The school started REAL activities in 1999 with the involvement of two teachers responsible for Grades 5 and 6. To start with, these activities focused on life skills developed through rice and vegetable production. Later, the teachers integrated several other subjects and the curriculum was adopted by the entire school. Now, all students at the Ban Pha Thon school spend at least one hour in the field every Friday, followed by the processing of observations in the classroom. The information that is generated is also used in other sessions that take place from Monday to Thursday. This is seen as a way of responding to the Government’s reform of the National Curriculum that has placed new emphasis on local content and student-centred approaches.
This curriculum reform has provided an excellent opening for REAL education. In other countries with a less enabling policy environment, REAL programmes have had to start outside of normal school hours.
REAL education places an even greater responsibility on the shoulders of the teacher. In the beginning, it was difficult for teachers to change from the conventional teaching method using textbooks or rote learning, to facilitating learning in a practical setting. Agricultural ecology is also more demanding from a technical perspective. At first, many teachers found the technical contents of subjects like IPM for vegetables somewhat overwhelming. On-going training for teachers was necessary throughout the year for them to become confident and effective.
Mrs. Pornpan Namrath is responsible for Grades 5 and 6 at the Ban Pha Thon school, and she was one of the first teachers to use the REAL curriculum. She used to consider herself as an ordinary teacher, but REAL activities have produced a dramatic change in her teaching skills and attitudes. She has received the Model Teachers award from the National Education Commission, a Professional Teachers award from the Chiangrai Teacher College, and she has also been invited to teach college students.
What Khun Pornpan is most proud of, however, is the transformation she has seen in the local community since students and parents became involved in REAL education. She explains that as a result of the field activities, younger students quickly develop a strong interest in learning. “They are skilled in presentation, critical thinking, and they are more creative. Parents notice a great improvement in the ability of their children to carry out activities in an independent and responsible manner”. There is also a nutritional benefit, because students can eat the vegetables they produce, either in the school canteen or by taking them home.
The older students have taken the learning process even further, by involving their parents in health surveys that focus on the use of pesticides in the community. As a result, a number of families in Ban Pha Thon have modified they farming practices. Some farmers have changed from cash crops to fruit trees, and many are now using bio-fertilizer to avoid the harm caused by toxic chemicals. Students have developed and tested their own formulas for bio-fertilizers, which they now produce and sell in the local market for 15 Baht per litre (approximately 0.37 USD), compared with between 60 and 70 Baht for commercial brands. Profits are returned to the students, something that provides an additional learning opportunity! At the school “research station”, students have also developed a new type of seedbed for vegetable crops, which involves mixing certain herbs and compost into the soil in order to prevent weeds and insects.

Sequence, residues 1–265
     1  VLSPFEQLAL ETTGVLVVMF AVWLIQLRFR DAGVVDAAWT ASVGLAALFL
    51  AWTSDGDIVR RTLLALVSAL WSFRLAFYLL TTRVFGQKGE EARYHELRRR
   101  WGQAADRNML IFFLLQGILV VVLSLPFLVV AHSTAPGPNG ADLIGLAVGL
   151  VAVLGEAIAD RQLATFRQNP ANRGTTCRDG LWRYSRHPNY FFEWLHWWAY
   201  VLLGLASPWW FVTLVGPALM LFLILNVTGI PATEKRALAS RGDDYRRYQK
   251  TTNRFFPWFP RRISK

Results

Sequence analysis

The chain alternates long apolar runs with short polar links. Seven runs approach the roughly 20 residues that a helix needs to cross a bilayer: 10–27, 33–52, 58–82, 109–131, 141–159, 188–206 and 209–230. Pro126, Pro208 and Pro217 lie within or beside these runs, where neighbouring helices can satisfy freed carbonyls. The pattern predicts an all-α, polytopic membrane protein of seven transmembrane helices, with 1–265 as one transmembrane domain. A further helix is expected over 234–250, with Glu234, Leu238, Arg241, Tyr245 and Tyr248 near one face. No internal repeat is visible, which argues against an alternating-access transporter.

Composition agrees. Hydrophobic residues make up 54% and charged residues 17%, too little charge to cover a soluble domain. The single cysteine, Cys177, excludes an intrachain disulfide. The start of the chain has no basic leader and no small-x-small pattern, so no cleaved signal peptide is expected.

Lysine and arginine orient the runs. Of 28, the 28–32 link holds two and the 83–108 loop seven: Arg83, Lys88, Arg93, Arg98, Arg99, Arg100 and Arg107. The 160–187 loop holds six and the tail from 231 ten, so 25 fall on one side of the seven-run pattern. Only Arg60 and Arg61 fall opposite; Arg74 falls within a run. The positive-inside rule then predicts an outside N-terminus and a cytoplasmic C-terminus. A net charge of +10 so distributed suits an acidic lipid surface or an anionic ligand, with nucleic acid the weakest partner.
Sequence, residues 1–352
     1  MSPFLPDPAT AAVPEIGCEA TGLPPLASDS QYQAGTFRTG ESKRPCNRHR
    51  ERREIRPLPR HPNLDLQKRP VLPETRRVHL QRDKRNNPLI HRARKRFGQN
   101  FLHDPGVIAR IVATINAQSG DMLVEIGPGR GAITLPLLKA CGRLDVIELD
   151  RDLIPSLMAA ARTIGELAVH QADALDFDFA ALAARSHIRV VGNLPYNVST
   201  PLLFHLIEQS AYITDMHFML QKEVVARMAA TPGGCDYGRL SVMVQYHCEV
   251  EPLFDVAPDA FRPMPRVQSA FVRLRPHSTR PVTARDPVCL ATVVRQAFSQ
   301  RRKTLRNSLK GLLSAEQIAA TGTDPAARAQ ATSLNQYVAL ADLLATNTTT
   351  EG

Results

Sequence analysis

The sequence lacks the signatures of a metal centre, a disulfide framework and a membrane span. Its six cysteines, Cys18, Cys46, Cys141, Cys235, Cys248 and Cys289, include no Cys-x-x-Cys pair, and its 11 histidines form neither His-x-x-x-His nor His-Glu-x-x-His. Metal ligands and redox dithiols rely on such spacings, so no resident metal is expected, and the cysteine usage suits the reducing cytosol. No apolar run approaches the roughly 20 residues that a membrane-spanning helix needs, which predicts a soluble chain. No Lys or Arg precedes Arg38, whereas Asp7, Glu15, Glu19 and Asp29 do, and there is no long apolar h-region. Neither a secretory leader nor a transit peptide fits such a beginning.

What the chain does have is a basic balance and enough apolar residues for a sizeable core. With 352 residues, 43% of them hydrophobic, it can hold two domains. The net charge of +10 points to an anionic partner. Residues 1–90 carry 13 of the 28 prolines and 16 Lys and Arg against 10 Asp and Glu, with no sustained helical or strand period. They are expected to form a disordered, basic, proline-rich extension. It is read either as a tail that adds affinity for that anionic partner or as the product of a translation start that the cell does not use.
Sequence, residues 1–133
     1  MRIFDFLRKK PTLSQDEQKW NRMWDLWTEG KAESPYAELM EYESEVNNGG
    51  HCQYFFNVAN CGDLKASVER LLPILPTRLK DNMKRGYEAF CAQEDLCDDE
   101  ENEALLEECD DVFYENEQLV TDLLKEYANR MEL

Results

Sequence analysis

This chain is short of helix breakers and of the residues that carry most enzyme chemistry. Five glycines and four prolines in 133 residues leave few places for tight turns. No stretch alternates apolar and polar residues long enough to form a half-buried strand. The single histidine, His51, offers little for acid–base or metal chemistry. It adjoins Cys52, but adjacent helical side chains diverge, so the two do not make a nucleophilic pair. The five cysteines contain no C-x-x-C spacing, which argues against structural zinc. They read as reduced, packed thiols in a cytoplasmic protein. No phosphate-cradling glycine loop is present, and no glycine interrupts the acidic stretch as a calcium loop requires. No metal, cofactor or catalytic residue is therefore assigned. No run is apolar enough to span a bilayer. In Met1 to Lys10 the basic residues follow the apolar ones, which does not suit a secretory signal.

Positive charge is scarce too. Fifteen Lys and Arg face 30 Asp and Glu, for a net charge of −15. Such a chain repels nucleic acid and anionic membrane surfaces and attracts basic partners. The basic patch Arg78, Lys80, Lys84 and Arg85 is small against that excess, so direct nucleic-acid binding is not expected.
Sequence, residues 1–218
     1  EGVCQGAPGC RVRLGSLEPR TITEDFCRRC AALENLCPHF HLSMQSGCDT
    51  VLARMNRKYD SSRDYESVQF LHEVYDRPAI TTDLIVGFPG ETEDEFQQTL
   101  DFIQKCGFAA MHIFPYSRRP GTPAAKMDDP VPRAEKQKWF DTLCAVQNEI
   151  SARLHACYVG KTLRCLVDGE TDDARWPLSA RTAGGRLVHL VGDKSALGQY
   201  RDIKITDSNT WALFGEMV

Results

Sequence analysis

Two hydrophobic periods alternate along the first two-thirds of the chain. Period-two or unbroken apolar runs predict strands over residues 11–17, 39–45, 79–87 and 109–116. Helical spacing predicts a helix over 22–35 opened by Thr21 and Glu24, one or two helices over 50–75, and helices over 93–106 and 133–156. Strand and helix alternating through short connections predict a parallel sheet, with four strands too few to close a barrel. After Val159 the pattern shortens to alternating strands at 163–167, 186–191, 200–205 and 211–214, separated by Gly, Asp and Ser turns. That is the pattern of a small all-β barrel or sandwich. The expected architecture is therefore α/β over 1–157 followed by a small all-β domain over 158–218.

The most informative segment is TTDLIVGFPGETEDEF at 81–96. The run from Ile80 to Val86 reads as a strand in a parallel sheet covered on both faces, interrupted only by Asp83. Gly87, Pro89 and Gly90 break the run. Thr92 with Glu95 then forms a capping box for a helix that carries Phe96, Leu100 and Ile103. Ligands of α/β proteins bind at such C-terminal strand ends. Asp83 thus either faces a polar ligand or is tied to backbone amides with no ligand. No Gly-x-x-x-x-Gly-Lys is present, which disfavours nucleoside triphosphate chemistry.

During the last five years, 137 students have graduated from the school after being exposed to REAL education. Khun Pornpan says that Secondary schools prefer students from Ban Pha Thon and other schools that have been using the REAL curriculum, because they are able to take a lead in learning activities. One such student is Ms. Tasanee Sithimart, currently in Grade 11, at the Viengpapao Secondary School. This is what she had to say about Real Education:
“I gained a lot from the primary school, and since then I have been making use of what I learned. In secondary school I have conducted various experiments, and I am never afraid to think for myself or make presentations. I have gained respects from other students and teachers, for my knowledge and for various activities that have been very successful. I have an average of 3.50 or more on my tests, and I am now working as a member of the student committee involved in school plans and a range of activities. I would like to be a researcher because I like science and I can help my parents and other farmers to have better varieties and yield. That way they can make profits and not be in debt any more.”
By May 2004 there were approximately 50 schools in Thailand using the REAL curriculum. Some project planners or managers might consider this to be a small number of target locations. But this is not a project, and the communities where REAL education is taking place are not part of a donor target. There is no blueprint, no budget and no completion date. Instead, this is a steadily expanding movement that belongs to the people of Thailand. Both the Ministry of Education and the Thai Education Foundation have supported this movement, but the decision-making is being done by school principals, teachers, parents and students themselves. They are all involved in the planning, the implementation, and the on-going evaluation of the REAL curriculum, and in communicating the results to other people.
Maybe there will be 70 REAL schools in Thailand next year, or maybe there will be 700. Whatever the precise number, we can be sure that it will continue to increase. Perhaps the curriculum will expand to include activities relating to water quality, or community forestry, or malaria control. Whatever the precise content, we can be sure that it will continue to evolve as a result of the interests and creativity of the people who are involved. And who knows, new support might suddenly emerge from a Thai institution or a foreign donor. But whatever the source of funds, REAL education will continue to be owned and organized by the schools and communities that are taking responsibility for their own future.